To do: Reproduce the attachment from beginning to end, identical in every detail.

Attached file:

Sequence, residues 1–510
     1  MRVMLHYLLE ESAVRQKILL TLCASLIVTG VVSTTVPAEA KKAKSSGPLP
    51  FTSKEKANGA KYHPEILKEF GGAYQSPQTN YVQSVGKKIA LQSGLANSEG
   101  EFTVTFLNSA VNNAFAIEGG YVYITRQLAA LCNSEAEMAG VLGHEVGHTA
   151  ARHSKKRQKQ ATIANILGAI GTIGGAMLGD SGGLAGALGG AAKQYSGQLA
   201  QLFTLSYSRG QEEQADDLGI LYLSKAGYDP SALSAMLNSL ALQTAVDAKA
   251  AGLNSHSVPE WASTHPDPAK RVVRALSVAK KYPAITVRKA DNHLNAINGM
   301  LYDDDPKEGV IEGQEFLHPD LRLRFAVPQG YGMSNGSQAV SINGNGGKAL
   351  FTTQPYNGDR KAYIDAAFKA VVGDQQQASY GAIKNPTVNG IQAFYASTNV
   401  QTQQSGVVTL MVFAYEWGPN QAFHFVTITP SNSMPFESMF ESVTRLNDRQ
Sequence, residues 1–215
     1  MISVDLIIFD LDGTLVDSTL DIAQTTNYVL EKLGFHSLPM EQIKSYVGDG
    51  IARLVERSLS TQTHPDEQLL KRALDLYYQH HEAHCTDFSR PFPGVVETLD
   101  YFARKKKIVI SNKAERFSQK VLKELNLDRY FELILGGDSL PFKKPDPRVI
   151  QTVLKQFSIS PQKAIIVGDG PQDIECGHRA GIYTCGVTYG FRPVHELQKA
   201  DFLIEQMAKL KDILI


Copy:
Sequence, residues 1–510
     1  MRVMLHYLLE ESAVRQKILL TLCASLIVTG VVSTTVPAEA KKAKSSGPLP
    51  FTSKEKANGA KYHPEILKEF GGAYQSPQTN YVQSVGKKIA LQSGLANSEG
   101  EFTVTFLNSA VNNAFAIEGG YVYITRQLAA LCNSEAEMAG VLGHEVGHTA
   151  ARHSKKRQKQ ATIANILGAI GTIGGAMLGD SGGLAGALGG AAKQYSGQLA
   201  QLFTLSYSRG QEEQADDLGI LYLSKAGYDP SALSAMLNSL ALQTAVDAKA
   251  AGLNSHSVPE WASTHPDPAK RVVRALSVAK KYPAITVRKA DNHLNAINGM
   301  LYDDDPKEGV IEGQEFLHPD LRLRFAVPQG YGMSNGSQAV SINGNGGKAL
   351  FTTQPYNGDR KAYIDAAFKA VVGDQQQASY GAIKNPTVNG IQAFYASTNV
   401  QTQQSGVVTL MVFAYEWGPN QAFHFVTITP SNSMPFESMF ESVTRLNDRQ
Sequence, residues 1–215
     1  MISVDLIIFD LDGTLVDSTL DIAQTTNYVL EKLGFHSLPM EQIKSYVGDG
    51  IARLVERSLS TQTHPDEQLL KRALDLYYQH HEAHCTDFSR PFPGVVETLD
   101  YFARKKKIVI SNKAERFSQK VLKELNLDRY FELILGGDSL PFKKPDPRVI
   151  QTVLKQFSIS PQKAIIVGDG PQDIECGHRA GIYTCGVTYG FRPVHELQKA
   201  DFLIEQMAKL KDILI